Are you addicted to why? Shambhavi talks about the uselessness of asking why. If you want to find actual peace and contentment, better to ask how? and what? A podcast from Satsang with Shambhavi
Podcast First Words
I want to talk about living without asking why. I just remembered a story that my divination teacher taught me. This is something that really happened. I learned divination from Lu Ming, a Daoist teacher. He grew up in New England, and at one time he was a student of Chogyam Trungpa Rinpoche. Ming actually isn’t alive anymore. He died a few years ago.
When Ming was a younger man, there was some kind of Buddhist spiritual center in New England. The lama who was running this center—and I can’t remember the whole story, which I wish I could—but something made this lama think that maybe it wasn’t a good idea for them to stay in the center. He thought they should move. And so he asked Ming to do a divination about it.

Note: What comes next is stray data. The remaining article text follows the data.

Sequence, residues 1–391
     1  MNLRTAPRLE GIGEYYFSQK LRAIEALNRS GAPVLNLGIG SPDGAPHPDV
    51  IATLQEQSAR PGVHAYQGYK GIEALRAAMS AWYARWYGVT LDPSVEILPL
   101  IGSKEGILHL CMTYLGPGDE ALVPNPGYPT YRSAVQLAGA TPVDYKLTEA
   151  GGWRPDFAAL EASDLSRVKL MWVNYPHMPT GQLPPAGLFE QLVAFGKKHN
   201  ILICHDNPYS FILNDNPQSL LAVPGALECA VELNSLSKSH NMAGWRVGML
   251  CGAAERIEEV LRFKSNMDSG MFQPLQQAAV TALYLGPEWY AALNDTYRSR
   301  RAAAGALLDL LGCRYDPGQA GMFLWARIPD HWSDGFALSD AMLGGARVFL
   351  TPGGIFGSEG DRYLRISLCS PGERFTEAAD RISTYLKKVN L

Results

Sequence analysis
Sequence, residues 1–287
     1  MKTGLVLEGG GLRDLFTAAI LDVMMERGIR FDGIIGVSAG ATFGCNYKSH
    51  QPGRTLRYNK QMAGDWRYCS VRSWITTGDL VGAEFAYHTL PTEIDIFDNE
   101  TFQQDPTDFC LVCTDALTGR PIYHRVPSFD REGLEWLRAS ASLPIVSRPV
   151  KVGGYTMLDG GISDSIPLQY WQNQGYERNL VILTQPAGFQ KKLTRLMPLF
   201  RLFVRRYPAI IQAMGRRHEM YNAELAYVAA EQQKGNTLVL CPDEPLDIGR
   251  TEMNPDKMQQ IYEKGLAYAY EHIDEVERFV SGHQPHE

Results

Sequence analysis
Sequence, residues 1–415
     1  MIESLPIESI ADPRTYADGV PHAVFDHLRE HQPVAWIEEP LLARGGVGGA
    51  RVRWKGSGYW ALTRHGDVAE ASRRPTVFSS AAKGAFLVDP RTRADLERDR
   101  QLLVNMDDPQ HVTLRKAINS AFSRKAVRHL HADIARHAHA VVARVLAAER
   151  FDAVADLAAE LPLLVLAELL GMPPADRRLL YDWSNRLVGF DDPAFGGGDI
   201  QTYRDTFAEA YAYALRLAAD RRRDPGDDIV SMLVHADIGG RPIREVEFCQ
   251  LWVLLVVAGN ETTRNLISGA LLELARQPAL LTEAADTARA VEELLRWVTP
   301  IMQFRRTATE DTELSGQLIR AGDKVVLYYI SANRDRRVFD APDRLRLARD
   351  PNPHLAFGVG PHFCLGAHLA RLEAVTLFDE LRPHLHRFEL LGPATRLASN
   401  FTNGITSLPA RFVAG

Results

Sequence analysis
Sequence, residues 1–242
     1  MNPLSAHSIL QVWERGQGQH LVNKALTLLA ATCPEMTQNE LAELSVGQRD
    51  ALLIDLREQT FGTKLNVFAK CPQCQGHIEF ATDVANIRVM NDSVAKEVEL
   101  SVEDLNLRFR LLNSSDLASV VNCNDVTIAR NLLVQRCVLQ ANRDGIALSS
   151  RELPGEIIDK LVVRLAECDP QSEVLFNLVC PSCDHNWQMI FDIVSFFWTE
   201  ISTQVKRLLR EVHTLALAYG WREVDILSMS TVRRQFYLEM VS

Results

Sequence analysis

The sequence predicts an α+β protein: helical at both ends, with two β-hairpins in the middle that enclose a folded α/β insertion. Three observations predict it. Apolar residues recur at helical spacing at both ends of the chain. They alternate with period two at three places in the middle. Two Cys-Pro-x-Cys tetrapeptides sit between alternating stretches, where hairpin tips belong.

Ming was out in the woods, and six ravens—he said they were really huge birds—landed right in front of him and started cawing in different patterns. Ming said he actually fainted. He was very frail, probably about 110 pounds. He was never that hale and hearty. So he saw these big birds, and when he saw them he fainted out of fright. Then when he came to, they were cawing in different rhythms. And according to Ming, they were cawing in the numbers that corresponded to different lines of a six-line hexagram in the I Ching, which most of you have probably heard of. He went back, and he reported that these ravens had given him a divination and that the divination was disastrous for this group to stay in the center in New England. The very next day they packed up and left.
So this is about living in the livingness of communication. This is where you’re able to recognize wisdom, and you’re just following it because it’s wisdom. Because you feel that it’s wisdom. Because you have a direct perception that it’s wisdom.